“Editor’s Introduction to The New Economic History and the Industrial Revolution,” J. Mokyr (1998)

The influence of slavery on the development of the British Empire and the Industrial Revolution goes beyond mere numbers. I enjoyed this overview, but I believe the author overlooks the influences of slavery on modernity. Labor organization, free trade, and other such components of the Industrial Revolution (though I’m hesitant to say free trade was a component of the ID) cannot be measured via cliometrics alone. Books like Justin Roberts’ Slavery and the Enlightenment in the British Atlantic, 1750-1807 and Simon Newman’s a A New World of Labor present, offer perspectives on the organization of labor, which emerged from the slave trade. However, I like the section “Major macro inventions, and growth, of the type seen in England in the late 1700s and early 1800s happened many times in human history”–very important.

A Fine Theorem

I taught a fun three hours on the Industrial Revolution in my innovation PhD course this week. The absolutely incredible change in the condition of mankind that began in a tiny corner of Europe in an otherwise unremarkable 70-or-so years is totally fascinating. Indeed, the Industrial Revolution and its aftermath are so important to human history that I find it strange that we give people PhDs in social science without requiring at least some study of what happened.

My post today draws heavily on Joel Mokyr’s lovely, if lengthy, summary of what we know about the period. You really should read the whole thing, but if you know nothing about the IR, there are really five facts of great importance which you should be aware of.

1) The world was absurdly poor from the dawn of mankind until the late 1800s, everywhere.
Somewhere like Chad or Nepal today fares better…

View original post 1,712 more words

Whittaker Chambers, LIFE Magazine, and the Enlightenment

I am thoroughly enjoying this blog and would like to share it and “spread the word.”

Persistent Enlightenment

The final version of Dialectic of Enlightenment, a book that (as I’ve argued in an earlier post) may have less to do with “the Enlightenment” than its critics sometimes assume, was published at the end of 1947 and more or less ignored for the next two decades.1 A few months earlier a discussion of the Enlightenment that is now completely forgotten turned up in a rather unlikely place: the September 15, 1947 issue of LIFE magazine. No less unlikely was its uncredited author, a man who, a year later, would become famous for things other than his writing: Whittaker Chambers.

Whittaker_ChambersChambers had joined Henry Luce’s influential and profitable publishing empire eight years earlier with an article for Time on Finnegans Wake. Prior to that, he had written for various Communist publications and worked as a spy for the Soviets. By 1937 he had broken with the…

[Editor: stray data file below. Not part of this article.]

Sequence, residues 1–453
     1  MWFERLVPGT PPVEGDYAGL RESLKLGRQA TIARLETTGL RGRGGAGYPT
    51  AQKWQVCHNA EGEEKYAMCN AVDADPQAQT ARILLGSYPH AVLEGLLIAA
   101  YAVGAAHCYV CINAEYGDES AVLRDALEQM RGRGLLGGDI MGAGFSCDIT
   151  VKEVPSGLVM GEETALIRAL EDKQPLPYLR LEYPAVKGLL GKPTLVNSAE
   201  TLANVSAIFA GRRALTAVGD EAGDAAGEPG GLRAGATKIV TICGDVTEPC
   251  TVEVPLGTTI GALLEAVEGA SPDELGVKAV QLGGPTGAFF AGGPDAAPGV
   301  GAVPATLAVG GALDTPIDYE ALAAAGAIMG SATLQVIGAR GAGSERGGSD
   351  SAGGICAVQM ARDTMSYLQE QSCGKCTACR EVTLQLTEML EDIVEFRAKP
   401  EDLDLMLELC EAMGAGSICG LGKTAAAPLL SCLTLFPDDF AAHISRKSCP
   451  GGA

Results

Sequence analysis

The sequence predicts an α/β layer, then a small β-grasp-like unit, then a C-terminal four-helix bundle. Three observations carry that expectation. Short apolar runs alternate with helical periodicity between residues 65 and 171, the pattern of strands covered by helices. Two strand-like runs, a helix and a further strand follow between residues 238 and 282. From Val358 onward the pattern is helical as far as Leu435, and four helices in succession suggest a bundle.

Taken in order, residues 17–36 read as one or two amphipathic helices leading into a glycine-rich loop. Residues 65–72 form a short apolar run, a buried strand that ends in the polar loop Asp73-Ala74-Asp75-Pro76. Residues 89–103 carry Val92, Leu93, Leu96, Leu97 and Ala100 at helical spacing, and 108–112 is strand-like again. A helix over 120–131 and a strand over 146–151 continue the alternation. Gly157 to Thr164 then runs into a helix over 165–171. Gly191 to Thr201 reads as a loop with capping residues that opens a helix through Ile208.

View original post 3,652 more words

Atlantic, Transatlantic, and the History of Capitalism?

The University of Exeter offers several interesting podcasts on the history of the British Empire.    The first podcast on the site discuses Jack Gallagher and Ronald Robinson’s “The Imperialism of Free Trade,” a quintessential essay for students of the modern British Empire.  I first came across this essay while studying post colonialism in a global history class and again when studying the African historiography.

I focus on the British slave trade in the  late seventeenth and eighteenth centuries.  Right now, I am investigating The Company of Merchants Trading to Africa (hereafter CMTA).  The history of the CMTA helped me understand contemporary thoughts about the changing roles of companies, merchants, and the state in the eighteenth century.  While studying the CMTA, I came across a work by Judith Williams, an American (U.S.) historian writing before Gallagher and Robinson.  Her work portrays the ‘innocent’ vision of free trade, which Gallagher and Robinson challenged in their article.  This helped my grasp an appreciation for a larger perspective of the political and economic aspects of Empire from the eighteenth century through the early twentieth century (though I am careful not to take a teleological/ Whiggish approach).

Reading “The Imperialism of Free Trade” with my current studies on the CMTA reminded me of transatlantic history, where professors and students push the Atlantic time period closer to the twenties century than normal–looking at the long duree .  But this is also occurring at a time when scholars are publishing works on the history of capitalism.  Will eighteenth-century Atlantic history, transatlantic, and the history of capitalism overlap or interact?

I hope to elaborate on this later and any feedback would be greatly appreciated.